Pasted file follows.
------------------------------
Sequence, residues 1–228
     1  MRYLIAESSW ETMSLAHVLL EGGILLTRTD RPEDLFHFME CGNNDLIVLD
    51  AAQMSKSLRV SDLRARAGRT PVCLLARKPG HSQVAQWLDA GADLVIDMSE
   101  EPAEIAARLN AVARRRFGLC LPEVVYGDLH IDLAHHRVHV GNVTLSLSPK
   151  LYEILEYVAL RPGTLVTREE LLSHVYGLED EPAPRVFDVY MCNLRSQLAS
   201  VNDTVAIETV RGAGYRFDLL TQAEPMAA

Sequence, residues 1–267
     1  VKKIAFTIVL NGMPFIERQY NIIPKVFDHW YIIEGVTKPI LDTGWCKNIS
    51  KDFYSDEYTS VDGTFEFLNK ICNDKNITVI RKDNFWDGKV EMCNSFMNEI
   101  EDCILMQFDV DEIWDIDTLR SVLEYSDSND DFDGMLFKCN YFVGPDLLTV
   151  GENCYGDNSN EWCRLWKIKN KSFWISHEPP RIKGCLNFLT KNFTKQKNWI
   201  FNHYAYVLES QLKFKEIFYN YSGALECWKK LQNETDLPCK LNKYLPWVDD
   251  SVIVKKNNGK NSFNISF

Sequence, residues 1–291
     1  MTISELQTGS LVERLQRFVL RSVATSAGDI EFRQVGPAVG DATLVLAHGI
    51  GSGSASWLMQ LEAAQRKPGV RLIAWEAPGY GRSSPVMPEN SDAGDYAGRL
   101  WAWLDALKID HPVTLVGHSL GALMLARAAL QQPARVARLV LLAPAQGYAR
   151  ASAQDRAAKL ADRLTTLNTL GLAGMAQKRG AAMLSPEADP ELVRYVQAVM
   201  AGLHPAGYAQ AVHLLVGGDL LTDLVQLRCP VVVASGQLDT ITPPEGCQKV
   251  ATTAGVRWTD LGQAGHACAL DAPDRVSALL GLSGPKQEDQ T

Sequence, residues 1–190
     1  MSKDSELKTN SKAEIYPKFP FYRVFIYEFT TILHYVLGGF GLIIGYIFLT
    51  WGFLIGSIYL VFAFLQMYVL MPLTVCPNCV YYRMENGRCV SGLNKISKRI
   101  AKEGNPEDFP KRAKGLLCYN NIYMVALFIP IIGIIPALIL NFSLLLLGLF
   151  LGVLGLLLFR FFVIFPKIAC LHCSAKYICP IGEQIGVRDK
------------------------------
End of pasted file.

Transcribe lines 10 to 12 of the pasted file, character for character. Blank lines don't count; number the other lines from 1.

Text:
   101  EDCILMQFDV DEIWDIDTLR SVLEYSDSND DFDGMLFKCN YFVGPDLLTV
   151  GENCYGDNSN EWCRLWKIKN KSFWISHEPP RIKGCLNFLT KNFTKQKNWI
   201  FNHYAYVLES QLKFKEIFYN YSGALECWKK LQNETDLPCK LNKYLPWVDD